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You are here:Home>>Strategic Research & Analysis>>Today's Google Doodle Honors Legendary Igbo Nigerian Author Chinua Achebe
Thursday, 16 November 2017 16:29

Today's Google Doodle Honors Legendary Igbo Nigerian Author Chinua Achebe

Written by Refinery 29

lmost every high schooler is familiar with at least one of Chinua Achebe's acclaimed novels. The Nigerian author penned numerous curriculum essentials, including Things Fall Apart, Arrow of God, and A Man of the People. Today, Google is honoring Achebe's lasting legacy with a Doodle in his image, celebrating him what would have been his 87th birthday.

In Achebe's obituary in March 2013, The New York Times described the author as the person who "helped to revive African literature and rewrite the story of a continent that had long been told by Western voices." He was born in an Ibo village in southeastern Nigeria. Achebe's first novel, Things Fall Apart, catapulted him to fame during his late 20s. The book, the first in a trilogy, recounts an Ibo leader's struggles to maintain his people's culture during British colonial rule in the 1800s.

The book's themes, in particular its sharp look at the impact of colonialism, remained prominent throughout Achebe's work. In an interview with The Paris Review in 1994, Achebe explained how reading other nations' depictions of his own, ones that described them as "savages", inspired him to take action and become a voice for his people:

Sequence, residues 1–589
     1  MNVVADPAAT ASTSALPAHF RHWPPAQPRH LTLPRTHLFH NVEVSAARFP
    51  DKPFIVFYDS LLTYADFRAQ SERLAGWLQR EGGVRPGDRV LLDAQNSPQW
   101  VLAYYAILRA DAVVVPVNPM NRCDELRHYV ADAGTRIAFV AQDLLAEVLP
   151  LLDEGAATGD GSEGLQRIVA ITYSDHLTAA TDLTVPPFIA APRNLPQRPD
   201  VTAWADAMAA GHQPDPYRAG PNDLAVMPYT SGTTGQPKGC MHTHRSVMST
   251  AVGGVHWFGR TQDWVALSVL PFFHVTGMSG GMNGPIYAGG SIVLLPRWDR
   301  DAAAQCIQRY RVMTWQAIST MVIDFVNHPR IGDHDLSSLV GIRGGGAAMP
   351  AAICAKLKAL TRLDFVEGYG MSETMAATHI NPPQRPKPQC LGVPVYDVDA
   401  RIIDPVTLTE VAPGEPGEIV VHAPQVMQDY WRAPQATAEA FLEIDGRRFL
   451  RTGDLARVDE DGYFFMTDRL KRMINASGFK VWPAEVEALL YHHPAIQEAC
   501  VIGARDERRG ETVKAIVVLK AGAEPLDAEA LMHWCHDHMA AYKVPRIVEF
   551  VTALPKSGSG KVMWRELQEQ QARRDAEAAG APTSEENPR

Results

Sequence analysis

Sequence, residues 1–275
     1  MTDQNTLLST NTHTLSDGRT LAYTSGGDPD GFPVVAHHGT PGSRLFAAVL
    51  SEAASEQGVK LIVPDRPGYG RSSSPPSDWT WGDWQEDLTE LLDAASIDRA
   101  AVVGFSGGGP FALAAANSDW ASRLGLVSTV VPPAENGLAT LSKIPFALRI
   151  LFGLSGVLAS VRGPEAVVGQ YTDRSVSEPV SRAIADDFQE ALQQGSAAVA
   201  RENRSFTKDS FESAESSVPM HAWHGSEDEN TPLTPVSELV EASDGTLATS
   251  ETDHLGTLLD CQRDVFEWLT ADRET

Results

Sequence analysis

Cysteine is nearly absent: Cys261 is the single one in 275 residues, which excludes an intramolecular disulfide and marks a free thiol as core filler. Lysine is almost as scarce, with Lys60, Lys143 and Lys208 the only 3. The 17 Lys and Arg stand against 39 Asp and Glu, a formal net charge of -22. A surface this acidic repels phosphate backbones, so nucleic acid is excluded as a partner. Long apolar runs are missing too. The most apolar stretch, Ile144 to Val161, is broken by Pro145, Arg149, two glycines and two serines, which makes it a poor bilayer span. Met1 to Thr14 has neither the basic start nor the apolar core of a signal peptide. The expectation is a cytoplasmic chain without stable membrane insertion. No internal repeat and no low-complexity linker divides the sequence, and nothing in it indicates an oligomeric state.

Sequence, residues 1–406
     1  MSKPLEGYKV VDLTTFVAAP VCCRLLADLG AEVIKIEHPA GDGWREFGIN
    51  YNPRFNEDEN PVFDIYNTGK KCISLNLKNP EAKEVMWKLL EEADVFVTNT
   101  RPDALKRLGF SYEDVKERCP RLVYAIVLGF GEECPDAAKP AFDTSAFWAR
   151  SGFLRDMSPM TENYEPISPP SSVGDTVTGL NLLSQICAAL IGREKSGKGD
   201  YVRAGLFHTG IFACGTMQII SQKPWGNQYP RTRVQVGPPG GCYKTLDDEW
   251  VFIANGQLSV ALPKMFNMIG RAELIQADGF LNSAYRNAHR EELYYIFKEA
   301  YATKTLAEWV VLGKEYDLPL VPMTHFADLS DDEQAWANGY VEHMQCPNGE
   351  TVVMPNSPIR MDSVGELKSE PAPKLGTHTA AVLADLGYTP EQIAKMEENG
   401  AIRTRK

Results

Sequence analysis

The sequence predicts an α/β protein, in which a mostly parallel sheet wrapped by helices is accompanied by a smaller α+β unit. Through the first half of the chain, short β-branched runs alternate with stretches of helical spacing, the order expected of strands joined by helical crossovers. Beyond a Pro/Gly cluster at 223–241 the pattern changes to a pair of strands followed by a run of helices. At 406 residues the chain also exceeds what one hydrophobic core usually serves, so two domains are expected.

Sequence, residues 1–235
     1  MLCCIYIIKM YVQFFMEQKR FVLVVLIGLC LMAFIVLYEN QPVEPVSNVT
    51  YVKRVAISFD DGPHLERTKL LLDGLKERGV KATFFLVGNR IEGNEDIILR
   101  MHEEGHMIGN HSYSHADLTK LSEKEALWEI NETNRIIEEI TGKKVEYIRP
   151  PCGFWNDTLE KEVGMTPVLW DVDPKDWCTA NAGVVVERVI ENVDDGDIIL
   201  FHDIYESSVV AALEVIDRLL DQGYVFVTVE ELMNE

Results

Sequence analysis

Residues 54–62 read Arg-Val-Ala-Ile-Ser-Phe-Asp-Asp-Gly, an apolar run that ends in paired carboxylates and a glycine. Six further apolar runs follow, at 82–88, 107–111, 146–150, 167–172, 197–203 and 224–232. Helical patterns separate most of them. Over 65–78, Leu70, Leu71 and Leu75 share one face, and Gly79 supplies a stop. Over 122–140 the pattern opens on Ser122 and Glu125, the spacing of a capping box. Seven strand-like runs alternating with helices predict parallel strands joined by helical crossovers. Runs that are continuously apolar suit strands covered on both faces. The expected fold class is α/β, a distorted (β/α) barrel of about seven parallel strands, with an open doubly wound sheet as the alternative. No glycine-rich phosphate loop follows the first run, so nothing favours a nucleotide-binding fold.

"That was the way I was introduced to the danger of not having your own stories. There is that great proverb — that until the lions have their own historians, the history of the hunt will always glorify the hunter. That did not come to me until much later. Once I realized that, I had to be a writer. I had to be that historian."

Image result for chinua achebe

Today's colorful Doodle, in which the Google letters are spelled out using an image of Achebe and illustrations of his work, honors his role as a historian. Head here to take a look at some of the other drafts of the Doodle. Then, celebrate Achebe's legacy yourself by reading or re-reading one of his novels.


credit: Refinery 29

Last modified on Thursday, 16 November 2017 16:35

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